The Argentina’s government is pushing a bill that would require companies to distribute 10 percent of profits to employees. Business leaders have fiercely reacted to the project, as they think it violates property rights and may undermine investment in South America’s second-biggest economy.
The government says this bill would allow employees to benefit from the surging profits at banks and other industries but opponents say it would dissuade companies from expanding and adding jobs. Companies may be further discouraged from putting more money into Argentina if this bill passes, said Bertrand Delgado, an economist at Roubini Global Economics LLC in New York.
The proposal, which opposition leaders said they can support, comes as banks, telecommunications companies and food producers benefit from the country’s economic growth. Argentina’s economy will grow 9 percent this year, the most since 2005, according to the central bank’s forecast, after 0.9 percent growth last year.
The plan may boost trade union support for the government, which cites similar legislation in countries such as Mexico, where companies have to share 10 percent of their profits, as well as laws in Brazil, Chile and Peru. However, the bill “clashes with the constitutional principles of property rights,” according to the Argentine Industrial Union (which represents the country’s biggest companies).
In response, advocates of this proposal says that it will bring more investment: "What could be a better advertisement for our country than showing the high rates of profitability that companies are having?” Profits at Argentine banks rose 43 percent in the first eight months of the year to 6.68 billion pesos, according to an Oct. 21 report by the central bank. Last year, banks profits rose 66 percent to 7.92 billion pesos. Telecom Argentina SA, the country’s second-largest telephone company, said profit rose 47 percent in the third quarter from a year earlier on higher sales of Internet and wireless services.
Another controversial issue that pertains to the topic we discuss this week is that the government's project also aims to give unions and workers the right to examine their employers’ accounting to ensure that they’re getting a fair share of profits. That would create an untenable situation in which workers will try to “co- administer” companies, said Santisteban, of the importers’ chamber. Companies don’t “want to have a discussion with unions about projects where they put capital at risk,” he said. The Industrial Union wants to modify the bill so that unions, which represent about 80 percent of Argentina’s registered workers, can’t view the companies’ books or bring up the issue of profit sharing during annual wage negotiations. The profit-sharing requirement would initially apply only to companies with at least 300 employees. It would eventually be expanded to all businesses that meet a certain level of profitability, with the details to be determined by a committee of government officials, union members and business executives.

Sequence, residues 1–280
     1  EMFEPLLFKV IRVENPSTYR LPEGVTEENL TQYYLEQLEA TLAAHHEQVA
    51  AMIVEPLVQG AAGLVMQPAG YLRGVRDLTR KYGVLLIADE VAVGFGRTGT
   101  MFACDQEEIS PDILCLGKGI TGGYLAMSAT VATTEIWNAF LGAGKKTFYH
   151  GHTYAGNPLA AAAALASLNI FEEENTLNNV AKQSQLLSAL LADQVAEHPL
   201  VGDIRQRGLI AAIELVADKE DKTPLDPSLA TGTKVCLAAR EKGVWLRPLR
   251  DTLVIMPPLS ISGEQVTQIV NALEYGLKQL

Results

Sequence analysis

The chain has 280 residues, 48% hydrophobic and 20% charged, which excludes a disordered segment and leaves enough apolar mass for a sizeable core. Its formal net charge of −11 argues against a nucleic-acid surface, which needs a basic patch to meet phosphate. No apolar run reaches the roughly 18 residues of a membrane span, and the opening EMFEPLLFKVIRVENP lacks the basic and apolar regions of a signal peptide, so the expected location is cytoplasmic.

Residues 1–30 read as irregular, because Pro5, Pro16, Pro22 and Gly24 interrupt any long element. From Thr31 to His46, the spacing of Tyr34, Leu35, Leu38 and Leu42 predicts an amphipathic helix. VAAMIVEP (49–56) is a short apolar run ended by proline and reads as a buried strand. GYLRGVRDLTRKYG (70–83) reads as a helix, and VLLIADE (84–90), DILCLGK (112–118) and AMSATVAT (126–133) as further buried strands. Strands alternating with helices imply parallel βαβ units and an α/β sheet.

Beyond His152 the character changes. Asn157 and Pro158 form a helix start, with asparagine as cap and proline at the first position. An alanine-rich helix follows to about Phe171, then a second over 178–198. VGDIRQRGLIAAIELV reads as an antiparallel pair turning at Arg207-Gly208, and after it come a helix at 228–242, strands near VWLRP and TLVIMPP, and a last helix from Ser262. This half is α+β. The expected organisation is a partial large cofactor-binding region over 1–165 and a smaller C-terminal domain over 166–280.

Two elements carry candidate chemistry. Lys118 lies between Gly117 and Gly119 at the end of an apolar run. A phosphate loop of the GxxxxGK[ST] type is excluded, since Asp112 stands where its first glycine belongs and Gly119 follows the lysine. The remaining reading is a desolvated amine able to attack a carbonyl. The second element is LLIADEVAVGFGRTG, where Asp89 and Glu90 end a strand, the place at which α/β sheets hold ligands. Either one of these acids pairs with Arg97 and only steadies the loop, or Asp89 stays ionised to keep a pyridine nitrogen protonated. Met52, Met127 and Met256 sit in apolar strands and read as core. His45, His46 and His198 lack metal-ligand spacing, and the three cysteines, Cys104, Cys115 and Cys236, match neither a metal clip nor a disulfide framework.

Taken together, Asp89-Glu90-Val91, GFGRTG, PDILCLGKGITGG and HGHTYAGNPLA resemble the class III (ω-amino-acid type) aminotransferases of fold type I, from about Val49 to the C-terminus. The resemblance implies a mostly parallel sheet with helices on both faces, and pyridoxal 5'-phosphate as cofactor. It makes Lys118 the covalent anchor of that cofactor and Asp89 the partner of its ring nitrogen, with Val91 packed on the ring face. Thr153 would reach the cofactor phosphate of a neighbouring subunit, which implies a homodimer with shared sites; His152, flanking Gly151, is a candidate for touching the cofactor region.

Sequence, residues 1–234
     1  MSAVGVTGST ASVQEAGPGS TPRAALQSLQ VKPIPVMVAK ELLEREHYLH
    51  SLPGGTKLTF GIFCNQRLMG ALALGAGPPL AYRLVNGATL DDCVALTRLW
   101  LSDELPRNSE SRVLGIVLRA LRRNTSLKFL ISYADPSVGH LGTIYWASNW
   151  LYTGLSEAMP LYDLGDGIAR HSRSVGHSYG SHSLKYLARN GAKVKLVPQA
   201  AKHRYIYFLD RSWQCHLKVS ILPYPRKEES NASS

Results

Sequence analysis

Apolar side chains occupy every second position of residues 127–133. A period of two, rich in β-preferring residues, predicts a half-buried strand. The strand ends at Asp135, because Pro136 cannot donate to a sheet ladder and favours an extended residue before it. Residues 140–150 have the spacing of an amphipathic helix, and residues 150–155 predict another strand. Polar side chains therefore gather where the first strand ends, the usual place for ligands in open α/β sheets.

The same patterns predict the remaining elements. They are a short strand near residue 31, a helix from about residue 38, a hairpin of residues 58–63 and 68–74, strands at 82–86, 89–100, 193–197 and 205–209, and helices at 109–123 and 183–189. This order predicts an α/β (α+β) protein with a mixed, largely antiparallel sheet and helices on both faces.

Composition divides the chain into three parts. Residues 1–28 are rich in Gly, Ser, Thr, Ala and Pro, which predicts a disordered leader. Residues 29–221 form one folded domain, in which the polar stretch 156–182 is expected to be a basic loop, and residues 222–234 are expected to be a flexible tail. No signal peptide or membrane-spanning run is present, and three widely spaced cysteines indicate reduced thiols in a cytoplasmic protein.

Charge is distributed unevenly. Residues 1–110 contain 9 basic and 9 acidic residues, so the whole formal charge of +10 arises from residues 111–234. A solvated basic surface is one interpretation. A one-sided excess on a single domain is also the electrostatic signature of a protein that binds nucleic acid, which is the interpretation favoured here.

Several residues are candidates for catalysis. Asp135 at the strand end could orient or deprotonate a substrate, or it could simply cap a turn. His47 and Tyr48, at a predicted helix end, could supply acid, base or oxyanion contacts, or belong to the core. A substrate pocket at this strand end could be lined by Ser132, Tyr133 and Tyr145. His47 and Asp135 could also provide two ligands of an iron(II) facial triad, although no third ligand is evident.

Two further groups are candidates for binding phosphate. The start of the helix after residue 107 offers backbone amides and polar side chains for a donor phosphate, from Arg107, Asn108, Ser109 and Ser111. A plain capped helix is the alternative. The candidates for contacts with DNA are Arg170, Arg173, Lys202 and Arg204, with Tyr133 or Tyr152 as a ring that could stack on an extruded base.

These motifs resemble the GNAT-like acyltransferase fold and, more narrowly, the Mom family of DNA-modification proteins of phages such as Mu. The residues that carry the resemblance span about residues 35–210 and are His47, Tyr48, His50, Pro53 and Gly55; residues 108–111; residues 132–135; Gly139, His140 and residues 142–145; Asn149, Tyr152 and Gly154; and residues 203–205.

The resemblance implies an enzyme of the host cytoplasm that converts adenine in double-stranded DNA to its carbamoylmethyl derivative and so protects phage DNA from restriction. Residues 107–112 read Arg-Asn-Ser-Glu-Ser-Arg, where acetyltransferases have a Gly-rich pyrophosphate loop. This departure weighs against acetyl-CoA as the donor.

The leader of the General Labor Confederation, the country’s biggest union, urged lawmakers to approve what he called a “revolutionary bill”. “Companies have never earned so much money as they do now,” Moyano said. Eduardo Gutierrez, president of Grupo Farallon, a Buenos Aires-based construction company that employees 600 workers, said in an interview that he doesn’t want to be forced to share his earnings.
The question is the one we discussed yesterday in class, but here you have a clear example of a conflict between stockholders and employees over the right to control and the right to profits. The clip is in Spanish without subtitles, but you can read newspaper articles covering this issue here, here, and here. There is also a famous Naomi Klein's movie, The Take, with English subtitles, available in Youtube (click here).
Posted by Miguel Alzola at 9:44 AM
Friday, November 5, 2010
Is there anything (morally) wrong with this? Is this an example of subliminal advertising (regardless of the law)? Why do people complain about it? As we usually say, it does not really matter whether these practices are legally permitted or prohibited. But assuming that these practices are prohibited, do they entail a violation of freedom of speech? Can subliminal advertising give us reasons to buy or not to buy a product? Should it be demonstrated that these messages cause us to act one way or the other? WHY?
Posted by Miguel Alzola at 7:12 PM